As China's recent industrial advancement has changed the trade structure between Korea and China from a complementary relationship to a more competitive one, the need for research on Chinese industrial policy has incr..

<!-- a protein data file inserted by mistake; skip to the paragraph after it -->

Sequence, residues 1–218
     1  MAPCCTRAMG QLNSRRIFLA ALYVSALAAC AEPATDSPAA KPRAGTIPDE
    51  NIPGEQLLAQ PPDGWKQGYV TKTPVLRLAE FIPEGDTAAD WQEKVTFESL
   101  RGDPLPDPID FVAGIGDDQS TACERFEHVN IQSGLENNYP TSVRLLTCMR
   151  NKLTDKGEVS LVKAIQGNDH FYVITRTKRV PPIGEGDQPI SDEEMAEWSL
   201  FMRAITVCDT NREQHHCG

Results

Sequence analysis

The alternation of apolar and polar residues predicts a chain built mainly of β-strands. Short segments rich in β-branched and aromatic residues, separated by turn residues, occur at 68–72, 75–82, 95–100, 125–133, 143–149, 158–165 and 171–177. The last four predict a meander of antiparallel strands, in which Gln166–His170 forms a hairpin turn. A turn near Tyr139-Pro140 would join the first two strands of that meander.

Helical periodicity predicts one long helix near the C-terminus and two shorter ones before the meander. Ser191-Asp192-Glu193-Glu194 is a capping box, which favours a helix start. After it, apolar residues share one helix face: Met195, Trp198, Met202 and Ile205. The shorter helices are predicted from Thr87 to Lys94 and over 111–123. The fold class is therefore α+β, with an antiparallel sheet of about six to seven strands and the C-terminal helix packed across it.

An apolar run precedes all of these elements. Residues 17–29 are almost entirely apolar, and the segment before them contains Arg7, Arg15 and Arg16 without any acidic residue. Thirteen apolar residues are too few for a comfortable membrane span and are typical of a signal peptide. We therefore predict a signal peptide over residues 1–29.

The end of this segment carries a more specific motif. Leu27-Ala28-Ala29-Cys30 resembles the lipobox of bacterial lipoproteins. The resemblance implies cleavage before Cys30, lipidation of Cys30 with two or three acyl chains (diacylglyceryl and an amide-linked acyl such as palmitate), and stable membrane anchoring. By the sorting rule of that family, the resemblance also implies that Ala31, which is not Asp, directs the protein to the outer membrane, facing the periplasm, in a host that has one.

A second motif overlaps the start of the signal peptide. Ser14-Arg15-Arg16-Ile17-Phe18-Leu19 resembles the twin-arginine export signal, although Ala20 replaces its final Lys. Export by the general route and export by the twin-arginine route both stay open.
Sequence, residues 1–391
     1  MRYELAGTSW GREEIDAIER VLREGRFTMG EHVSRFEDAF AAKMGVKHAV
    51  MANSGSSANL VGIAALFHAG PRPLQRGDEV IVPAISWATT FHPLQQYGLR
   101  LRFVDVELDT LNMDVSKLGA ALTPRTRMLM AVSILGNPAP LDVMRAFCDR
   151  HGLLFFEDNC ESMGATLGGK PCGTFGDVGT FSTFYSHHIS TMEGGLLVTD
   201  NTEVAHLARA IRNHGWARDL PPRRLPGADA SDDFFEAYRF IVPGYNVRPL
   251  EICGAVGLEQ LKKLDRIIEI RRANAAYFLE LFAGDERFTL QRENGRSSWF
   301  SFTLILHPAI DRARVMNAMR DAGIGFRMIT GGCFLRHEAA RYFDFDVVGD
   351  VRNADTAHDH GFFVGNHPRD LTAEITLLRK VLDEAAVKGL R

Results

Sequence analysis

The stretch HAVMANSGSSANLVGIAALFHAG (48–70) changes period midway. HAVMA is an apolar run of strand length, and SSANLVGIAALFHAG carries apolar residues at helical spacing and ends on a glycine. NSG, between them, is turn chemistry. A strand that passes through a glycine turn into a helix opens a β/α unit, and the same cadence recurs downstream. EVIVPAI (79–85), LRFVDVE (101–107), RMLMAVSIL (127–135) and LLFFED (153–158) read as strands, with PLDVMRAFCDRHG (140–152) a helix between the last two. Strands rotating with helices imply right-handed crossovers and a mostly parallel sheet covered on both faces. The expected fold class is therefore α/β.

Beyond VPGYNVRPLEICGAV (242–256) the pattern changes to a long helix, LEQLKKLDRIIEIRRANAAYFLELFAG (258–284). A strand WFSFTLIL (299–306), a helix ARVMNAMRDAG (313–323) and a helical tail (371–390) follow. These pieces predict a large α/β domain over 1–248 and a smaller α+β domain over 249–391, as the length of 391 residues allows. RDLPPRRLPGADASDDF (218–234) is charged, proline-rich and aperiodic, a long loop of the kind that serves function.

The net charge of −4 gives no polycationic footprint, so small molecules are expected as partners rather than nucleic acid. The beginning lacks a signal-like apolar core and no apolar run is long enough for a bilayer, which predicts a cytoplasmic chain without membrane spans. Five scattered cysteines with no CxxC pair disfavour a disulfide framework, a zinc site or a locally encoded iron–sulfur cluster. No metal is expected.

Wonseok Choi et al. Date 2020.12.30Industrial structure, Industrial policy ChinaSummaryAs China's recent industrial advancement has changed the trade structure between Korea and China from a complementary relationship to a more competitive one, the need for research on Chinese industrial policy has increased. This report aims to analyze and evaluate changes in major industrial policies and industrial structures following China's reform and opening, thus enabling better understanding of China's industrial policies and forecasting the direction of China's industrial policies during its 14th Five-Year Plan period. In particular, unlike previous studies, this report classified China's major manufacturing policies into four types after China's reform and opening, and proposed Korea-China industrial cooperation through policy analysis and comprehensive evaluation.Chapter 2 divides China’s industrial policies into four stages after the initiation of reform and opening-up, and described the trend of major industrial policies by period. The first stage is the market economy exploration stage (1978-1991), when industrial policies first began to be introduced in China, focusing on adjusting proportional relations such as imbalances between the agricultural and industrial sectors, and light and heavy industries. The second stage is the initial construction stage of the market economy (1992-2001), during this period, policies to foster key industries were implemented, direct intervention by the government in promoting industrial policies was reduced and the transition to guide-type intervention began. The third stage is the stage of full-scale and in-depth reform (2002-2012), when the government began to foster high-tech industries after declaring the path to “new industrialization” in November 2002. Since the global financial crisis of 2008, the government has also promoted strategic emerging industries as a new growth engine, while implementing 10 major industrial promotion and coordination policies in response to the issue of oversupply. From 2013 to the present, various strategies to strengthen manufacturing power, such as the China Manufacturing 2025 and Internet+ initiatives, are being pursued to further promote full-scale reform within the country. However, as competition for trade and technology hegemony between the U.S. and China intensified, new industrial policies were needed to cope with this, and the 14th Five-Year Plan presented the direction of industrial policies focused on securing core technologies through innovation.Chapter 3 summarizes and evaluates China's industrial development policy, industrial restructuring policy, industrial organization policy, industrial technology policy and the timing characteristics and direction of policy measures. The industrial development policy was carried out by selecting industries that did not meet market demand at each period to supply resources first, and to intensively foster industries that will lead the national economy now or in the future. In this process, the size of the industry grew and the industrial structure advanced, but indiscriminate overlapping investments in industries designated by the government resulted in oversupply or quantitative growth without yielding core technologies. To solve the problem of oversupply, the Chinese government implemented various industrial restructuring policies for each period.China's industrial restructuring policy changed from a uniform control of production and construction of various industries to an approach where specific targets were set for the liquidation of redundant businesses or management and support measures to make each local government and company more active in removing underdeveloped facilities. In addition, instead of determining targets based on size, comprehensive indicators such as technology and environmental pollution began to be considered as well. However, the concrete achievements of these policies still remain limited due to the sheer scale of long-term policies conducted and the protection of local governments.Through industrial organization policy the government engages market structures and market activities to maximize market performance. Implemented since the reform and opening of the market, the policy has focused on establishing a modern corporate system and the order of market competition. The recent rapid growth of the digital economy is expected to have a significant impact on China's industrial ecosystem and business activities, leading to the revision of the anti-trust law in 2020 for the first time in 11 years in response to the possibility of a small number of Internet (platform) conglomerates exploiting a monopoly in the market.Industrial technology policies are a series of policies enacted by the Chinese government to promote industrial development, enhance industrial technology innovation capabilities, and advance industrial technology. For about 40 years since the reform and opening of its market, China's industrial technology policy has evolved through the stages of simple technology introduction, to absorption and assimilation of these technologies, and then to autonomous innovation. Technology development is increasingly being led by the corporate sector, instead of directly planned and controlled by the government. Recently, policies to promote and support industrial-academic cooperation in China are expected to be implemented to drive the independent development of key technologies in response to U.S.-China technology conflicts.In the 1980s, China mainly used government intervention measures such as government investment, state-owned bank loans, tax revenues and plans, but after the reform to introduce a socialist market economy, direct intervention by the government has gradually been reduced and replaced with market-based means applied in the form of state guidance and economic or legal measures. The government is expected to focus more on identifying efficient industrial policies through means that utilize the market rather than direct means such as government subsidies, which run the risk of trade disputes.The major milestones of China's industrial policy can be summed up as its rise as the world's largest manufacturer, securing stability in industrial development through long-term policy implementation, upgrading industrial structure, and technological development. However, increasing problems with overlapping investments and oversupply, increasing dependence on state-owned companies and improving inefficiency, and international disputes over industrial policies are major policy tasks to be resolved.Chapter 4 analyzes changes in China's industry, trade, and Korea-China trade structure due to the effects of industrial policies after reforms and opening, as presented in Chapter 2 and 3. First, the core of China's industry has shifted from light industries to heavy industries in accordance with policies to upgrade the industrial structure. Second, due to policies to foster high-tech industries since the early 1990s, the proportion of high-tech industries has increased and the technology level of manufacturing has increased. Third, localization and domestic industrialization are proceeding in line with policies to foster domestic companies. According to these changes in China's industrial structure, Korea's exports to China have gradually advanced from labor-intensive to technology-intensive industries, while Korea's import and export dependence on China has increased. However, as Korea's coefficient of correlation between exports and investment to China is gradually increasing, the coefficient of inducement of imports and exports to China per unit of investment in China has continued to decline.Based on this analysis, the results of a panel regression analysis of Korea-China industrial data from 1997 to 2017 showed that Korea's exports to China increased as China's exports to the world increased. In addition, there was a trend in which Korea's exports to China increased since 1997, but this rise tapered off between 2012 and 2017, indicating that the synchronization of Korean and Chinese exports decreased. This result indicates that Korea has driven export growth to China in the past by supplying intermediate goods needed for China's heavy industry development policy and export-led growth method, but has failed to respond to changes in demand caused by the advances in China’s industrial structure and technological innovation policies centered on high-tech industries.Chapter 5 presented trade risks and Korea's strategies due to the impact of friction between the U.S. and China, and changes in the direction of China's industrial policy. First of all, we propose ways to cope with U.S.-China friction by diversifying export markets, analyzing changes in the Korea-China industrial cooperation environment, preparing industrial technology protection policy in Korea, diversifying global supply chains and participating in China’s value chain to target its domestic market.We also emphasize the need for research on industrial policies and the process of creating related industrial ecosystems as China's industrial policies gradually change from simple to comprehensive policies. In response to the expansion of China's industrial influence in state-of-the-art technology, there is a need to redefine long-term industrial policies in new industries. This was followed by a proposal of promising areas to focus cooperation efforts, identified by comparing China's industrial policies and related strategies in Korea.As our analysis indicates that Korea's supply capacity for China's new growth industry will become increasingly important in choosing opportunities and strategies for Korea-China economic cooperation, our study divides products in the areas of materials, parts, and equipment according to three classifications based on China's growth and Korea's trade competitiveness.Finally, efforts to maximize the performance of the Korea-China FTA in China's growth industry, urge China to comply with international rules and rules in promoting new industries, respond to China's independent standardization, and strengthen Korea-China cooperation in digital economy and environment.